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Nature. 2019 May;569(7755):284-288. doi: 10.1038/s41586-019-1141-3. Epub 2019 Apr 24.

Structural basis of ligand recognition at the human MT1 melatonin receptor.

Author information

1
Bridge Institute,USC Michelson Center for Convergent Biosciences, University of Southern California, Los Angeles, CA, USA.
2
Department of Chemistry, University of Southern California, Los Angeles, CA, USA.
3
Department of Pharmacology, University of North Carolina at Chapel Hill, Chapel Hill, NC, USA.
4
Department of Cell Biology, Neurobiology and Anatomy, Medical College of Wisconsin, Milwaukee, WI, USA.
5
Department of Biological Sciences, University of Southern California, Los Angeles, CA, USA.
6
National Institute of Mental Health Psychoactive Drug Screening Program, University of North Carolina at Chapel Hill, Chapel Hill, NC, USA.
7
SLAC National Accelerator Laboratory, Bioscience Division, Menlo Park, CA, USA.
8
Stanford University, Department of Structural Biology, Stanford, CA, USA.
9
Linac Coherent Light Source, SLAC National Accelerator Laboratory, Menlo Park, CA, USA.
10
Center for Free-Electron Laser Science, DESY, Hamburg, Germany.
11
Department of Physics, Arizona State University, Tempe, AZ, USA.
12
School of Molecular Sciences and Biodesign Center for Applied Structural Discovery, Biodesign Institute, Arizona State University, Tempe, AZ, USA.
13
Hauptman-Woodward Institute, Department of Structural Biology, Jacobs School of Medicine and Biomedical Sciences, University at Buffalo, Buffalo, NY, USA.
14
Univ Lille, Inserm, CHU Lille, UMR-S 1172 - JPArc - Centre de Recherche Jean-Pierre AUBERT Neurosciences et Cancer, Lille, France.
15
Department of Pharmacology, University of North Carolina at Chapel Hill, Chapel Hill, NC, USA. bryan_roth@med.unc.edu.
16
National Institute of Mental Health Psychoactive Drug Screening Program, University of North Carolina at Chapel Hill, Chapel Hill, NC, USA. bryan_roth@med.unc.edu.
17
Division of Chemical Biology and Medicinal Chemistry, Eshelman School of Pharmacy, University of North Carolina at Chapel Hill, Chapel Hill, NC, USA. bryan_roth@med.unc.edu.
18
School of Molecular Sciences and Biodesign Center for Applied Structural Discovery, Biodesign Institute, Arizona State University, Tempe, AZ, USA. w.liu@asu.edu.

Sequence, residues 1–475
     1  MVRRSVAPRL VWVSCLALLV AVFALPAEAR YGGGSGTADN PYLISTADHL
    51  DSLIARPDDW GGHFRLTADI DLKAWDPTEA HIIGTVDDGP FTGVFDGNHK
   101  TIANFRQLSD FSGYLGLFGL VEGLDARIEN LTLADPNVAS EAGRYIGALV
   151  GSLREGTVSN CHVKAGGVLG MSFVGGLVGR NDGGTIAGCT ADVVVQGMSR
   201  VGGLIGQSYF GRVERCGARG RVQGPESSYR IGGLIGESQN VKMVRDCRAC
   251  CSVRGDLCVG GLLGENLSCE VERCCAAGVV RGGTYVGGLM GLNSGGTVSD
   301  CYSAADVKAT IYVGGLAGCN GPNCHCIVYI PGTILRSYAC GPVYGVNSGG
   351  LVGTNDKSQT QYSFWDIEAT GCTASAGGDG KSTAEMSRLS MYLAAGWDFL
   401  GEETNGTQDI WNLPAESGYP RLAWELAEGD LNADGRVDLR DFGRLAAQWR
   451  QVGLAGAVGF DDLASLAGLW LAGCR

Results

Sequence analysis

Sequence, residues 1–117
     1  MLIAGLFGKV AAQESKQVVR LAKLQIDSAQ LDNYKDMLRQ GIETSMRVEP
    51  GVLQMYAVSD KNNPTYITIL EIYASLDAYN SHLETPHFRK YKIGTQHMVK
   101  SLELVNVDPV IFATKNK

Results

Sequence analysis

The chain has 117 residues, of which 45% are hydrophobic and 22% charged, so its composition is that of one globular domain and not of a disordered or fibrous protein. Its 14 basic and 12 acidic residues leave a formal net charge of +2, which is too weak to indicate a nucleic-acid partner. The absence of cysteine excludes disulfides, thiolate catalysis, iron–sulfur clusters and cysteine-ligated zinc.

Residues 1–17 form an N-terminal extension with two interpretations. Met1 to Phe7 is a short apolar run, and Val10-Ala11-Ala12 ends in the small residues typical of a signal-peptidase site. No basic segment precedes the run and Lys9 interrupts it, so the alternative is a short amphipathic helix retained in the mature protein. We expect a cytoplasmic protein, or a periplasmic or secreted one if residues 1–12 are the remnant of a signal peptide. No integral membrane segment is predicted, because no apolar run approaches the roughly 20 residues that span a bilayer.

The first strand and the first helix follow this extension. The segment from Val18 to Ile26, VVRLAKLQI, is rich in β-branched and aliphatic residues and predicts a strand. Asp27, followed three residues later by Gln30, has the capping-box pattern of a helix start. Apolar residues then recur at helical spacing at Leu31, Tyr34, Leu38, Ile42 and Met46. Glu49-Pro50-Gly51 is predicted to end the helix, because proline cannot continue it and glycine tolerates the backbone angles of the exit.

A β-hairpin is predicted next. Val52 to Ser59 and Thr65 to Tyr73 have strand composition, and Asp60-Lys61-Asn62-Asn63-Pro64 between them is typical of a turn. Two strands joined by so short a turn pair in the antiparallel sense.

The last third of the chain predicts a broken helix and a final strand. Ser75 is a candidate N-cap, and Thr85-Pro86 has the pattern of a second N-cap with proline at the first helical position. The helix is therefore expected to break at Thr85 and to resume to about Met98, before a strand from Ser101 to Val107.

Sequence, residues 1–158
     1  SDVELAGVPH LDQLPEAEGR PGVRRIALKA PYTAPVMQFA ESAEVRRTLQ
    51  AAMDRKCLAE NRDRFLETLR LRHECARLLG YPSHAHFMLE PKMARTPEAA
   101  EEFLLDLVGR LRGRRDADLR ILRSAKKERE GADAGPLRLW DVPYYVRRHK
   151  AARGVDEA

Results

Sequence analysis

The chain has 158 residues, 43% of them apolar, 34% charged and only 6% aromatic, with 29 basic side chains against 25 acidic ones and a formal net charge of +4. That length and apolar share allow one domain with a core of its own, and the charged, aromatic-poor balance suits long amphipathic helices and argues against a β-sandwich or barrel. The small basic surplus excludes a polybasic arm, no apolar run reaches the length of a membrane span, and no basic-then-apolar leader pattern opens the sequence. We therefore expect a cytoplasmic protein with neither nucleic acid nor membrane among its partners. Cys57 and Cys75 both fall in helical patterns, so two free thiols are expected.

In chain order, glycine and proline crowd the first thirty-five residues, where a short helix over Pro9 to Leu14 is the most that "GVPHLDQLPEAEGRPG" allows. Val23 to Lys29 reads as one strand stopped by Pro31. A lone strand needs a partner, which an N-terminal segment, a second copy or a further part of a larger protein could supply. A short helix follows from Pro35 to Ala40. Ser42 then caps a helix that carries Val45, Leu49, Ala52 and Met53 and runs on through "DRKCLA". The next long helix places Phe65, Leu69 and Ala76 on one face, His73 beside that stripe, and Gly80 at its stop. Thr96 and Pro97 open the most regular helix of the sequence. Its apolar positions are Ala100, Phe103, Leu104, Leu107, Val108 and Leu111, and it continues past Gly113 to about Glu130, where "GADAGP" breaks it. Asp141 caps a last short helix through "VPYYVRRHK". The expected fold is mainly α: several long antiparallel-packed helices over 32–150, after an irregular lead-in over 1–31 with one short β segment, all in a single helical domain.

19
Bridge Institute,USC Michelson Center for Convergent Biosciences, University of Southern California, Los Angeles, CA, USA. cherezov@usc.edu.
20
Department of Chemistry, University of Southern California, Los Angeles, CA, USA. cherezov@usc.edu.
21
Department of Biological Sciences, University of Southern California, Los Angeles, CA, USA. cherezov@usc.edu.

Abstract

Melatonin (N-acetyl-5-methoxytryptamine) is a neurohormone that maintains circadian rhythms1 by synchronization to environmental cues and is involved in diverse physiological processes2 such as the regulation of blood pressure and core body temperature, oncogenesis, and immune function3. Melatonin is formed in the pineal gland in a light-regulated manner4 by enzymatic conversion from 5-hydroxytryptamine (5-HT or serotonin), and modulates sleep and wakefulness5 by activating two high-affinity G-protein-coupled receptors, type 1A (MT1) and type 1B (MT2)3,6. Shift work, travel, and ubiquitous artificial lighting can disrupt natural circadian rhythms; as a result, sleep disorders affect a substantial population in modern society and pose a considerable economic burden7. Over-the-counter melatonin is widely used to alleviate jet lag and as a safer alternative to benzodiazepines and other sleeping aids8,9, and is one of the most popular supplements in the United States10. Here, we present high-resolution room-temperature X-ray free electron laser (XFEL) structures of MT1 in complex with four agonists: the insomnia drug ramelteon11, two melatonin analogues, and the mixed melatonin-serotonin antidepressant agomelatine12,13. The structure of MT2 is described in an accompanying paper14. Although the MT1 and 5-HT receptors have similar endogenous ligands, and agomelatine acts on both receptors, the receptors differ markedly in the structure and composition of their ligand pockets; in MT1, access to the ligand pocket is tightly sealed from solvent by extracellular loop 2, leaving only a narrow channel between transmembrane helices IV and V that connects it to the lipid bilayer. The binding site is extremely compact, and ligands interact with MT1 mainly by strong aromatic stacking with Phe179 and auxiliary hydrogen bonds with Asn162 and Gln181. Our structures provide an unexpected example of atypical ligand entry for a non-lipid receptor, lay the molecular foundation of ligand recognition by melatonin receptors, and will facilitate the design of future tool compounds and therapeutic agents, while their comparison to 5-HT receptors yields insights into the evolution and polypharmacology of G-protein-coupled receptors.

PMID:
31019306
PMCID:
PMC6696938
[Available on 2019-10-24]
DOI:
10.1038/s41586-019-1141-3

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